David Bliss, 1791-1860
David, son of David Bliss and Lucy Stebbins, was born in Springfield, Massachusetts. He was a saddle and harness maker.
David married Samantha Griswold in 1812 and had 13 children, 12 of whom were born in Wilmington, Vermont. He served as a Deacon in the Wilmington Congregational Church. They also lived in Bennington and Shaftsbury, Vermont, and then moved to New York State before heading west.
In 1848, David and several of his children, including our ancestor David Pitney Bliss set off for Michigan to their “soldiers claim” in Riley Township. Their experiences as described by David’s son Henry were reported in the following article from the St. John’s newspaper. The account is long and will broken into several installments. There is not a date on the article, but Henry died in 1929, the last of the Bliss children to die. The article is entitled, “BLISS FAMILY HELD REUNION.”
The Bliss family held a reunion at the M.A.C. Saturday, about 150 being present, the greater part of whom live in Clinton County. G.F. Ottmar of Riley read the following family history.
David and Samantha Bliss lived in Vermont state and later moved to New York state in the early 40’s. The family consisted of Stebbins, David, Horatio, Augustus, Henry, Sidney, Lucy Hodges, Sabrina Temple, Adeline Pratt, Elizabeth Osborn, and Emily, who died in New York state in the spring of 1848. From this point of the family history begins our story as related to me by Uncle Henry Bliss. [Note: Henry Bliss is son of David Bliss and brother to David Pitney Bliss, our direct ancestor.] He said:
In the fall of 1848, father and mother, David, Horatio, Augustus, myself, Sidney, Cyrus and Adeline Pratt his wife, and Rufus Pratt started for Michigan, and settled on a soldier’s claim in the Township of Riley, Clinton County. Stebbins came in 1849. Jim and Lucy Hodges came from Wisconsin to Michigan and joined the family in 1849. Elizabeth Osborn remained in New York. Sabrina and Merret Temple came in 1861.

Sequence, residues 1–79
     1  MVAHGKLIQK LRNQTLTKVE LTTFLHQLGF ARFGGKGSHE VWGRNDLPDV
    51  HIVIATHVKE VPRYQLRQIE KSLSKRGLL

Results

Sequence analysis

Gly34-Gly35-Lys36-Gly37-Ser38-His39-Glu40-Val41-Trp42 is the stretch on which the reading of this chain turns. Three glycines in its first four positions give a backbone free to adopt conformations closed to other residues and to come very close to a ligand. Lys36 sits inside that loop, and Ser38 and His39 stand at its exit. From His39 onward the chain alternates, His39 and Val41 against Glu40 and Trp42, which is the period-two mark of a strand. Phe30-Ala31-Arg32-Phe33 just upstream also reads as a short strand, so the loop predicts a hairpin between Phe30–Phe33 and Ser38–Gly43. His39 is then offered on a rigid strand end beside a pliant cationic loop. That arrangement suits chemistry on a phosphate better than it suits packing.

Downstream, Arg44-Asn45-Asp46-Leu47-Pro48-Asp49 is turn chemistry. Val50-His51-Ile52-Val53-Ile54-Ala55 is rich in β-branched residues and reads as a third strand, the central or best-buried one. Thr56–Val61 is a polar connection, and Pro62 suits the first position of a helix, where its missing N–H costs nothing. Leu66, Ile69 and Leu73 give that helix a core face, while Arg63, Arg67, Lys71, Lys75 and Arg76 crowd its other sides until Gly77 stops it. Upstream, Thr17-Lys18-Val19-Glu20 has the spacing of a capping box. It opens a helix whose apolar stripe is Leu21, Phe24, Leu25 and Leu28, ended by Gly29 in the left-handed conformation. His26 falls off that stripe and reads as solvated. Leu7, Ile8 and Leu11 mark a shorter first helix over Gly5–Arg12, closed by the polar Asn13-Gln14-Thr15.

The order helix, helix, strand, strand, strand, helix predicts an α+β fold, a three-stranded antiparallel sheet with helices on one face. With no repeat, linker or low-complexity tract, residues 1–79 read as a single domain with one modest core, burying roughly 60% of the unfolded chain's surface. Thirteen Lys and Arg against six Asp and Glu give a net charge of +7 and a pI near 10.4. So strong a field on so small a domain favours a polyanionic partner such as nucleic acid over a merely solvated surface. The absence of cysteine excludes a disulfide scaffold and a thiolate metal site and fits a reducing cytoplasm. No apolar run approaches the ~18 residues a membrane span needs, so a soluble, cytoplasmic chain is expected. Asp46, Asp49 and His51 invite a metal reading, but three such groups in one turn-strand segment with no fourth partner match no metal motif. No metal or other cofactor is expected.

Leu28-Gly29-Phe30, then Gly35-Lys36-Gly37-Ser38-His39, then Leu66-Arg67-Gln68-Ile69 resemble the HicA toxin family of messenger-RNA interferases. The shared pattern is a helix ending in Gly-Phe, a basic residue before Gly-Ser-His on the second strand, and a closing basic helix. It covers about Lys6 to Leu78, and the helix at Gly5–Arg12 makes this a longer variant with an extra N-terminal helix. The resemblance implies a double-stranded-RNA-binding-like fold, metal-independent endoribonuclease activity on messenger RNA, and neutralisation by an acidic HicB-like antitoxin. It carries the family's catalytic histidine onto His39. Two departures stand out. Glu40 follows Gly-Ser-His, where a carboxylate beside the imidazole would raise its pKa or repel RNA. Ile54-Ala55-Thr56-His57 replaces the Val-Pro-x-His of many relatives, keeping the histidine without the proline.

We took an Erie Canal boat at Schenectady, N.Y., and arrived in Buffalo one week later. The weather was fine and the trip was very slow. The boat was drawn with horses and they walked all the way. We took a steamer from Buffalo to Detroit, Michigan.
Uncle Clark Griswold, who lived at Northville, Mich., sent a team of horses and lumber wagon to Detroit to get us and took us all to his place. It was quite a load. Uncle Clark was husking his corn, so we stayed a week with him and helped him finish. He then sent his team and hired man, and a neighbor with his team and wagons, and took us and what goods we could carry to Riley. The roads were very bad, and traveling was hard. The balance of the goods we left at Uncle Clark’s. The next summer we hired Freeman Nichols, who then lived the second house west of Boughton’s corners, to go to Northville to get the remainder of the goods. We had no money to pay for this, so we agreed to chop and clear a certain number of acres of heavy timbered land to pay for this trip. We had to chop down the trees, burn them and fence the field. We got a lot of experience. The logs were green elms and hard to burn. This was our first experience clearing forests.
Uncle Clark asked Mr. Nichols how we were getting along and he told him that we were hard up, and so he sent along with the goods a whole barrel of pork for us. I tell you that was good. Uncle Clark was certainly a fine man. (Right here let me say that the writer of this article met Uncle Clark at the home of the relater, Uncle Henry, a few years before his sad and sudden death and he can frankly say that he never met a kinder-hearted and more pleasing old gentleman than Uncle Clark Griswold.)
More tales of the Bliss adventures will be told in subsequent posts to this blog.